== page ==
The Woman at the Well – has she been unfairly maligned?
[November 9, 2022: There have been some changes made to this post. For more information, read the Editors’ notes at the bottom of the post. Editors.]
Was the woman at the well a floozy who just had to have a man at her side to feel okay about herself?
I suspect that Christians tend to make too many assumptions about what brought about the marital history of the Woman at the Well (John 4). Most people make one or more of the following assumptions:
- Each of her marriages had ended in divorce.
- She had caused some if not all of those divorces; she was “just too hard to live with!”
- She was “sexually loose and a serial offender”.
- She was one of those women who “just had to have a man” — that explains why she was prepared to live with a bloke even though he hadn’t married her.
The fingers all point at her. It’s said from the pulpit in euphemisms, because there are children and teenagers in the pews, but it’s clear enough for adult women in the congregation to squirm — especially ones like me who were promiscuous in their past. Nothing wrong with pointing out the sin of promiscuity — I admit to it being one of my major sins before I came to Christ — but to grind women’s noses in the dust over and over again every time the Woman at the Well’s story is preached seems to me somewhat misogynist.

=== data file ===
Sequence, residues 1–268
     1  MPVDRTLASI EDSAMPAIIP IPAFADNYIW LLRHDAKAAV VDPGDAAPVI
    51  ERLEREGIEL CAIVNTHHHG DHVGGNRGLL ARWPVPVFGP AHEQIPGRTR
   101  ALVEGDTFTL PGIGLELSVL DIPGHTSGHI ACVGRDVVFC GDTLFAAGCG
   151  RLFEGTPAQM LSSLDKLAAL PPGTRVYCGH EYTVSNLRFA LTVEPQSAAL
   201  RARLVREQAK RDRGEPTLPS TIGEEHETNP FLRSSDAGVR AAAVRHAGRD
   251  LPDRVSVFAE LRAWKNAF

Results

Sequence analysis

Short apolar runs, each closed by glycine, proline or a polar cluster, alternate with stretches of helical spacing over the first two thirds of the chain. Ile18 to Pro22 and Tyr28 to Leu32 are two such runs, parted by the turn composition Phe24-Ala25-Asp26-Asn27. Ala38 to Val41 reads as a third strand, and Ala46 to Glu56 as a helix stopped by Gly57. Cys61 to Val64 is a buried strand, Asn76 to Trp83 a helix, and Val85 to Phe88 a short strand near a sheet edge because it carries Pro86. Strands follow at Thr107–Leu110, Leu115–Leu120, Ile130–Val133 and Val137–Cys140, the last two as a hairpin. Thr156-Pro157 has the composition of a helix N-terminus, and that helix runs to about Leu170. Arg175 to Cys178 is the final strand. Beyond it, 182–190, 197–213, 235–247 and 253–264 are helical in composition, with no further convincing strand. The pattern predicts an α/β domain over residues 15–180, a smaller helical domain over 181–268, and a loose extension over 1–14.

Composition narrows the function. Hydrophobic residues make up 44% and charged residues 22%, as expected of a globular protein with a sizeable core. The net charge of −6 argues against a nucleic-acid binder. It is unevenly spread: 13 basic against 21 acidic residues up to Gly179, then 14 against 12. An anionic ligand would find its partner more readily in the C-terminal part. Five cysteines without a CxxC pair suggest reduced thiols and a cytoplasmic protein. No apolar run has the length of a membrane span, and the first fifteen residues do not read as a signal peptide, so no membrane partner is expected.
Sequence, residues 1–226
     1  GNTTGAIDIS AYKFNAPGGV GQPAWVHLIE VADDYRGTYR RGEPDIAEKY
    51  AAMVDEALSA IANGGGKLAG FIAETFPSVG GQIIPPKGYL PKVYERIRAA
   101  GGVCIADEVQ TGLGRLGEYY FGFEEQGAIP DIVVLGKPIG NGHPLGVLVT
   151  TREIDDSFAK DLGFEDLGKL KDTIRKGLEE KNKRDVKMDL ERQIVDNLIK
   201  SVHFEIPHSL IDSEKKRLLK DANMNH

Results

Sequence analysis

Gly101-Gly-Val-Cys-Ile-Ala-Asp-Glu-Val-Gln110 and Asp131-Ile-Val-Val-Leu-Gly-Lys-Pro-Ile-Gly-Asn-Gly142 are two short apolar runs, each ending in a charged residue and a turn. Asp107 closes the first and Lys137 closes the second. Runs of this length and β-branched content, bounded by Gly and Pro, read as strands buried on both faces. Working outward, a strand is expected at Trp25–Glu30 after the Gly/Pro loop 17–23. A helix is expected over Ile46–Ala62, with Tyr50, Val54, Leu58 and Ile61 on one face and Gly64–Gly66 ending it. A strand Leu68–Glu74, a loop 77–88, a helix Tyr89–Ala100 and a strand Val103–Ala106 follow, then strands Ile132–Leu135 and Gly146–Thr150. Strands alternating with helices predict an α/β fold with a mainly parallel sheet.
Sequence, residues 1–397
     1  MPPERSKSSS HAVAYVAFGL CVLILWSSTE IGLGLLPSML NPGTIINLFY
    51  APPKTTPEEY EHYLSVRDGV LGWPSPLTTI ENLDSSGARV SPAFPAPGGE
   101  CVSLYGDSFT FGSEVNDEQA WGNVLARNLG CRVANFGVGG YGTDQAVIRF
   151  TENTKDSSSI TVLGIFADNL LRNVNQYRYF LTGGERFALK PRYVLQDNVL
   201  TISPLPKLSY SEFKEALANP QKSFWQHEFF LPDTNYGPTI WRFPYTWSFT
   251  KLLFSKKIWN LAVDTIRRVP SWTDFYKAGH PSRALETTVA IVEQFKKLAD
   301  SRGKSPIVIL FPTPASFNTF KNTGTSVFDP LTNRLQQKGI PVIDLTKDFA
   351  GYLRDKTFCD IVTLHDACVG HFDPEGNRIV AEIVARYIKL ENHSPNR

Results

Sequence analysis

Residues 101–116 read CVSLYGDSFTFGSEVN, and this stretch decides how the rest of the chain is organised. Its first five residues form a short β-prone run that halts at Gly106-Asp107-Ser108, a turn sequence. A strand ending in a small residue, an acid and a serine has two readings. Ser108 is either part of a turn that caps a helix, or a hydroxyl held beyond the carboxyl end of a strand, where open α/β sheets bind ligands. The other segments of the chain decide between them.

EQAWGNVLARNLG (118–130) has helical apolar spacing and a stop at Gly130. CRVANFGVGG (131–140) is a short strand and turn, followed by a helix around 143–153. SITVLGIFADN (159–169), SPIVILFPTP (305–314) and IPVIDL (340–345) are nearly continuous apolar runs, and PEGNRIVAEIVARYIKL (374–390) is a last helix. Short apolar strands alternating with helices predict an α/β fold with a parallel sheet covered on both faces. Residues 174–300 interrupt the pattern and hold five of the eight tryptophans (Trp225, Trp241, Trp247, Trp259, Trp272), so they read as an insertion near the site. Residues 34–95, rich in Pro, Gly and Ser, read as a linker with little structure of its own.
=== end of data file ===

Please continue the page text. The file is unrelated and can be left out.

Consider these alternative scenarios for the Woman at the Well:
(1) Several of her marriages might have ended by the death of her husbands. People often died young in those days when there were no antibiotics and other marvels of modern medicine, let alone public health systems like sewers and running water.
(2) If some of her marriages had ended in divorce, the chances are that she had been treacherously divorced by men who were using the liberal “any cause” divorce which was a pretty common divorce method for men to employ in Jesus’ day.
(3) We have no proof that any of her marriages ended because of her sin. And the way the church has assumed this for centuries is just typical of the way the church has denigrated and marginalized women.
(4) The only hint we have of her sin is that when she met Jesus she was living in a de facto relationship. But it’s unwarranted to extrapolate from that and draw negative conclusions about her culpability in all her previous marriages.
[November 9, 2022: Editors’ notes:
—For some comments made prior to November 9, 2022 that quoted from the post, the text in the comment that was quoted from the post might no longer be an exact match.
—For some comments made prior to November 9, 2022 that quoted from the post, the text in the comment that was quoted from the post might no longer be found in the post.
If you would like to compare the text in the comments made prior to November 9, 2022 that quoted from the post to the post as it is now (November 9, 2022), click here [Internet Archive link] for the most recent Internet Archive copy of the post.]